curiosity

Curiosity is the spiritual adultery of the soul. Curiosity is spiritual drunkenness.

A modern commentator made the observation that there re those who seek knowledge about everything and understand nothing. It is wonder - not mere curiosity - a sense of enchantment, of respect for the mysteries of love for the other, that is essential to the difference between a knowing that is simply a gathering of information and techniques and a knowing that seeks insight and understanding. It is wonder that reveals how intimate is the relationship between knowledge of the other and knowledge of the self, between inwardness and outwardness.

Where necessity ends, curiosity begins; and no sooner are we supplied with everything that nature can command that we sit down to contrive artificial appetites.

One of the secrets of life is to keep our intellectual curiosity acute.

The universe is but a kaleidoscope which turns within the mind of the so-called thinking being, who is himself a curiosity without a cause, an accident conscious of the great accident around him, and who amuses himself with it so long as the phenomenon of his vision lasts.

Anxiety is the poison of human life. It is the parent of many sins, and of more miseries. In a world where everything is doubtful, where you may be disappointed, and be blessed in disappointment,—what means this restless stir and commotion of mind? Can your solicitude alter the cause or unravel the intricacy of human events? Can your curiosity pierce through the cloud which the Supreme Being hath made impenetrable to mortal eye? To provide against every important danger by the employment of the most promising means is the office of wisdom; but at this point wisdom stops.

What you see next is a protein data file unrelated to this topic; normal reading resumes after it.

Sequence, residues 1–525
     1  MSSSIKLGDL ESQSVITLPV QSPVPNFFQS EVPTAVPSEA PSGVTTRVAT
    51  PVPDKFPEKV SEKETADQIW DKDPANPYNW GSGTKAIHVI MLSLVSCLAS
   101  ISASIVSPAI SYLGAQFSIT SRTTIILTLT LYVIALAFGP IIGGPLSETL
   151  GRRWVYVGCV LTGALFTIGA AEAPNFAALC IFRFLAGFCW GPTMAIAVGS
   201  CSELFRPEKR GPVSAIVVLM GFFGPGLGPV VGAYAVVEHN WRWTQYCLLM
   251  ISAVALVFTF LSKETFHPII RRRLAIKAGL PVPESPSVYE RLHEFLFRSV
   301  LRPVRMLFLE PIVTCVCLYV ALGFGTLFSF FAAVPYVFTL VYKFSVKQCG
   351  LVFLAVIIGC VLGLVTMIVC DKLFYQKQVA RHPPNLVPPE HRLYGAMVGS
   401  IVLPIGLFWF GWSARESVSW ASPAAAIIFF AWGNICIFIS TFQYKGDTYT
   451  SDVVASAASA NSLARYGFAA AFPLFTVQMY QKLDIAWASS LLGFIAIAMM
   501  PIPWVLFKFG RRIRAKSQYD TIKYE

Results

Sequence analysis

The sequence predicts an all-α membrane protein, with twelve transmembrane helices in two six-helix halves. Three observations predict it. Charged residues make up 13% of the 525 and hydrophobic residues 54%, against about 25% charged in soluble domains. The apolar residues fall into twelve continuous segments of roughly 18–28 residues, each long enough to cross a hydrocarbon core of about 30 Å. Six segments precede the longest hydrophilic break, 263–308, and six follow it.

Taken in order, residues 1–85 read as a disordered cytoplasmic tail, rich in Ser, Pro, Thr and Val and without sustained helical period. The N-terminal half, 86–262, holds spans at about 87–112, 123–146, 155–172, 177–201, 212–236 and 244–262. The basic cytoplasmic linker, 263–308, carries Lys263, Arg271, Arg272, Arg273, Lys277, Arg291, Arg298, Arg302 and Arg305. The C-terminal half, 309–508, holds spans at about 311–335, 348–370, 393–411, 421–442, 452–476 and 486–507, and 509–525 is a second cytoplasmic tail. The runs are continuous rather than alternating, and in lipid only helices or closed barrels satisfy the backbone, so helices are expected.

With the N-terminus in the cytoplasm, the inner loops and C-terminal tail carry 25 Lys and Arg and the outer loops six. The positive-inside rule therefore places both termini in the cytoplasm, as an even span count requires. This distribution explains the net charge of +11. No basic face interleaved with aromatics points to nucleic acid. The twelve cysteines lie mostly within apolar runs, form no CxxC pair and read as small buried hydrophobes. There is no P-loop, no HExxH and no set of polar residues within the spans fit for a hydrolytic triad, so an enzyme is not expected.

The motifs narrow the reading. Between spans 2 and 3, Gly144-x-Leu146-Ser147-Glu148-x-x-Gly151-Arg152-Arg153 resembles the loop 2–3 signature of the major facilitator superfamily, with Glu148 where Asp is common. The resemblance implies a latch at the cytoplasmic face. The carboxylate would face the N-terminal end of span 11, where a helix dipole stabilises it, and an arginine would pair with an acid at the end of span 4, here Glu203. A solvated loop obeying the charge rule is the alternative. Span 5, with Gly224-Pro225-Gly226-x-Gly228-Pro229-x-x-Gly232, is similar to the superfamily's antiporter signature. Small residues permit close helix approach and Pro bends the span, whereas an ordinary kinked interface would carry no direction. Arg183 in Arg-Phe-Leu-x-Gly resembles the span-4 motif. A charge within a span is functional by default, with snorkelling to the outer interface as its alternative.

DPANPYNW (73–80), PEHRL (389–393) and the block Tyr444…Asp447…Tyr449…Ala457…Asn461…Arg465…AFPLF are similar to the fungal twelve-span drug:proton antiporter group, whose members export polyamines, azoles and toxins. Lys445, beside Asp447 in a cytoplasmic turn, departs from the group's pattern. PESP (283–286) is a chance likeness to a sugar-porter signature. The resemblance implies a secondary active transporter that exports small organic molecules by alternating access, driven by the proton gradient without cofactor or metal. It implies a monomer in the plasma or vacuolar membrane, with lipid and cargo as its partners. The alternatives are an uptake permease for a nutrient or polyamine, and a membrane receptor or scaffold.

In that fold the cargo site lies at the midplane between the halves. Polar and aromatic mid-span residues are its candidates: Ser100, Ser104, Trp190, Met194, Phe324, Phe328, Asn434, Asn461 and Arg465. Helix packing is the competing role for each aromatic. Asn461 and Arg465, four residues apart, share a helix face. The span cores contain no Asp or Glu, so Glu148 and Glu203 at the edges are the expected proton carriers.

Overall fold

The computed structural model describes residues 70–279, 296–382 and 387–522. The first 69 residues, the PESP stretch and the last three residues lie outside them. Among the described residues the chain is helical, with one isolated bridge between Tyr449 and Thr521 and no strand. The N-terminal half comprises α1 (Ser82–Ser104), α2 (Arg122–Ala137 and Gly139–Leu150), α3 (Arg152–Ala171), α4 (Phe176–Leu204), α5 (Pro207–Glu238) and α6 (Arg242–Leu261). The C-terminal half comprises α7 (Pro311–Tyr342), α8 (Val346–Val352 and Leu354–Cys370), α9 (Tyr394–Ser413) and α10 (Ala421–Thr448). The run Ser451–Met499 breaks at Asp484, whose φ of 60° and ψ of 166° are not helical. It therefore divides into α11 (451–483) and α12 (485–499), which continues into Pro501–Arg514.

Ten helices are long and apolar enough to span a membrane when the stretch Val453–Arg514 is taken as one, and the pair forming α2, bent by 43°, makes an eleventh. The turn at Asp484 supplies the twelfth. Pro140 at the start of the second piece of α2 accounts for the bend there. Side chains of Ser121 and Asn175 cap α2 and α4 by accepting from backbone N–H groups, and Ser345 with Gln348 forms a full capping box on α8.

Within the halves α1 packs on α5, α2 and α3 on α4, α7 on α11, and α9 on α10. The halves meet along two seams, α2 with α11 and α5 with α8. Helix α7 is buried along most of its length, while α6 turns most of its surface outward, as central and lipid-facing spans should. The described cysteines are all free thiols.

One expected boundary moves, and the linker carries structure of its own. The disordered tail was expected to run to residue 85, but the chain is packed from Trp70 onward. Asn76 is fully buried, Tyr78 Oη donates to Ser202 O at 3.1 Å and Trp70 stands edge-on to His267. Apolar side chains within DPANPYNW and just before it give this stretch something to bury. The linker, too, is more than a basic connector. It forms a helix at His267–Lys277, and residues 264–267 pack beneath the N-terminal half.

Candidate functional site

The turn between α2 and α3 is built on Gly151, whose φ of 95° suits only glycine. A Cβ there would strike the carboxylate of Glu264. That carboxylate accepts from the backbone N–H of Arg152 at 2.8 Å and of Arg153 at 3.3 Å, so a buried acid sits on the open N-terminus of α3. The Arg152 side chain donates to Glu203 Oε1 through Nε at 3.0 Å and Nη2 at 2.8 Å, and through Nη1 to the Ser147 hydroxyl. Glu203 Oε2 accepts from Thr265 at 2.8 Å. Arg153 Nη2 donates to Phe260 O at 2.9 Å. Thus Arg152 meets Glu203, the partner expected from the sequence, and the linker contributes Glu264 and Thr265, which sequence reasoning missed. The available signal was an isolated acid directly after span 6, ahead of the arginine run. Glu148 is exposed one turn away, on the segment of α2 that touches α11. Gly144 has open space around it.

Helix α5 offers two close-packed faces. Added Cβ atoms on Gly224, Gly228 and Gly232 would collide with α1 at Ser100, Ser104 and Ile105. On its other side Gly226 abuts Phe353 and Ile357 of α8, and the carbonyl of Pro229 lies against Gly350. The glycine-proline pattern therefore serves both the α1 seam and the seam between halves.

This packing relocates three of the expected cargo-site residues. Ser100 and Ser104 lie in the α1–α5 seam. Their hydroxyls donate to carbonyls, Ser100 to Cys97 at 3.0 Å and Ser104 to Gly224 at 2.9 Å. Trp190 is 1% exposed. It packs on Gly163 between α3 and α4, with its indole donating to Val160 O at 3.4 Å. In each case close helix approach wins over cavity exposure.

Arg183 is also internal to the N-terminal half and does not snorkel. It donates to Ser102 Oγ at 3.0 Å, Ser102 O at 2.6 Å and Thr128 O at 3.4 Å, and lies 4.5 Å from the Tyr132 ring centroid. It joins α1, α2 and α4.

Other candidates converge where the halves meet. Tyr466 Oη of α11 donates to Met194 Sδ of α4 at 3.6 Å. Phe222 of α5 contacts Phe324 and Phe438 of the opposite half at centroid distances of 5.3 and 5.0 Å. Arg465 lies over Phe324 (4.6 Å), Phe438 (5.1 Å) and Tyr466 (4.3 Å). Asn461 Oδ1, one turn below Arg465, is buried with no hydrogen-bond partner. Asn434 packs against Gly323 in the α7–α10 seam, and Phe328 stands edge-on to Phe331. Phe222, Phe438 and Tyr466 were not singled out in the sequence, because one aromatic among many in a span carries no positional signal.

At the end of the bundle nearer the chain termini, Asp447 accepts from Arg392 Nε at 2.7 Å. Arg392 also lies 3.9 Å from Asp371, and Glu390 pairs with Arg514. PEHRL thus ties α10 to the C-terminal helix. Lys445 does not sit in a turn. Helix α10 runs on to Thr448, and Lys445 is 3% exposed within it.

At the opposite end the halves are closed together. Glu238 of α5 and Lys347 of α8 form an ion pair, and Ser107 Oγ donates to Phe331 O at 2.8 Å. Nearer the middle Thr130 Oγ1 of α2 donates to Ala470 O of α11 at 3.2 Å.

A sense of curiosity is nature's original school of education.

Youth is young life plus curiosity minus understanding.

Creatures whose mainspring is curiosity will enjoy the accumulating of facts, far more than the pausing at times to reflect on those facts.

The important thing is not to stop questioning. Curiosity has its own reason for existing. One cannot help but be in awe when he contemplates the mysteries of eternity, of life, of the marvelous structure of reality. It is enough if one tries merely to comprehend a little of this mystery every day. Never lose a holy curiosity.

The whole art of teaching is only the art of awakening the natural curiosity of young mind for the purpose of satisfying it afterwards.

The gratification of curiosity rather frees us from uneasiness, than confers pleasure. We are more pained by ignorance, than delighted by instruction. Curiosity is the thirst of the soul.

Where necessity ends, desire and curiosity begin; no sooner are we supplied with everything nature can demand, than we sit down to contrive artificial appetites.

Curiosity in children is but an appetite for knowledge. One great reason why children abandon themselves wholly to silly pursuits and trifle away their time insipidly is, because they find their curiosity balked, and their inquiries neglected.

Zeal and curiosity are the twin scourges of the soul: the latter prompts us to poke our noses into everything; the former prevents our leaving anything in doubt or undecided.

Satisfaction of one's curiosity is one of the greatest sources of happiness in life.

Life was never meant to be lived, and curiosity must be kept alive. One must never, for whatever reason, turn his back on life.

A good scientist is a person in whom the childhood quality of perennial curiosity lingers on. Once he gets an answer, he has other questions.

Science is an important part of the humanities because it is based on an essential human trait: curiosity about the how and why of our environment. We must foster wonder, joy of insight.

Curiosity is as much the parent of attention as attention is of memory; therefore the first business of a teacher - first not only in point of time, but of importance - should be to excite not merely a general curiosity on the subject of the study, but a particular curiosity on particular points in that subject. To teach one who has no curiosity to learn is to sow a field without ploughing it.